A Socio-Cognitive Approach To Political Interaction: An Analysis of Candidates Discourses in U.S. Political Campaign Debates

  1. García Pastor, María Dolores
Supervised by:
  1. Patricia Bou Franch Director

Defence university: Universitat de València

Fecha de defensa: 28 November 2006

  1. José Luis Blas Arroyo Chair
  2. Carmen Gregori Signes Secretary
  3. Reyes Gómez Morón Committee member
  4. Pilar Garcés Conejos Committee member
  5. Nuria Lorenzo-Dus Committee member

Type: Thesis

Teseo: 136906 DIALNET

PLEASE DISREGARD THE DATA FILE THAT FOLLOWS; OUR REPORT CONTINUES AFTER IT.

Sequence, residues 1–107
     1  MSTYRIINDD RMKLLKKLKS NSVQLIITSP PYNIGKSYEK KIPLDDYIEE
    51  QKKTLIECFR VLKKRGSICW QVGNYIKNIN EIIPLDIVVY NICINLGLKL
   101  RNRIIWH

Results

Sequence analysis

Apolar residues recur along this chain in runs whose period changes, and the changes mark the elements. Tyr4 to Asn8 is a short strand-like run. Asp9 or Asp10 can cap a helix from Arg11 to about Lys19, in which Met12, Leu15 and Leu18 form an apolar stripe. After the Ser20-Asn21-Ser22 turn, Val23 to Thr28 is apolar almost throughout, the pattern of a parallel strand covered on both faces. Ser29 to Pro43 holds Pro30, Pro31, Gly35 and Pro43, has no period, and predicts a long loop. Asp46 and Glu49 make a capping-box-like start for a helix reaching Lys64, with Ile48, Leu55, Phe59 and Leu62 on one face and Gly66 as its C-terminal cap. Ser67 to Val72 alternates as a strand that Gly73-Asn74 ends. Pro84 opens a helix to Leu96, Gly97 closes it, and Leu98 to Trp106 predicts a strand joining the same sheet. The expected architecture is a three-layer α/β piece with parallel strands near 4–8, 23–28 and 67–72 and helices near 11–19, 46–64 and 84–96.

The present research focuses on politeness in candidates discourses in U.S. political campaign debates of the 2000 elections from a socio-cognitive approach to social interaction. This approach entails an eclectic perspective on communication that intends to account for its cognitive, linguistic, relational and socio-cultural aspects in a determinate communicative encounter. This eclectic perspective is based on Brown and Levinsons (1987) Politeness Theory on the one hand, and Sperber and Wilsons Relevance Theory (1986/1995) on the other hand, with the latter constituting a cognitive complement to the former on theoretical grounds. From this eclectic approach, politeness has been conceived as the context-sensitive cognitive-based linguistic instantiation of social bonds. Therefore, politeness constitutes the linguistic enactment of social relationships in a specific communicative situation, and the internal knowledge on what is appropriate or inappropriate therein underlying such enactment. Politeness may thus consist of a) mitigating behaviour, whereby the speaker (S) attends to his/her own and/or the hearers (H) face or social image one wants for him/herself in a specific society (Brown & Levinson, 1987), or b) aggravating behaviour, that is, damage of ones own and/or Hs face. In view of this, the following research questions were posited in this study: 1) what are the main features of politicians face mitigating and aggravating sequences in terms of: type of politeness prevailing in these (if any), recurrent linguistic elements (if any), and typical location of these sequences in the whole discourse debates themselves constitute (if any)?; 2) what are the specific forms face mitigating and aggravating sequences adopt (if any), and which are their features?. In order to provide an answer to these questions, a total of 89 North-American electoral debates were collected together with other secondary data (e.g. newspaper articles, television programmes, etc.). These debates were organised into Corpus of Analysis (Corpus A) and Corpus of Reference (Corpus B), out of which the former consists of 16 debates corresponding to a total of 20 hours of on-going talk, and the latter contains the rest of the debates collected. Corpus A was transcribed in its entirety and analysed according to the units of analysis of the pragmatic sequence and the micro strategy. Overall, face mitigation, which is commonly directed towards the audience, appeared to be the predominant shape of politeness in candidates discourses in debates, more specifically, mitigation of the non-pure type oriented towards Hs positive face or his/her desire to be approved of (ibid.). This positive face attention characteristic of mitigating sequences in these events was found to be principally based on the strategies presuppose/raise/assert common ground, assert/presuppose Ss knowledge of and concern for Hs needs and wants, and offer and promise. These results back one of the main claims of this study, namely, that political campaign debates are essentially persuasive discourses besides antagonistic exchanges as the debate literature has commonly shown. Face aggravation, which is typically targeted at the opponent, was observed to primarily consist of aggravation of the pure sort oriented towards Hs negative face or his/her desire to be unimpeded upon (ibid.). Negative face aggravation was found to usually lie in the strategies increase imposition weight, refer to rights, duties and rules not respected, fulfilled or complied with respectively, and challenge. A possible explanation for the predominance of this variety of aggravation over others is that a) pure aggravation leaves no doubt as for a politicians intent to discredit the adversary, and b) negative face aggravation is not as hostile as positive face attack in debates and political discourse (cf., e.g. Lakoff, 2001), and enables the speaker to attack the rival without a potential boomerang effect on Ss own image.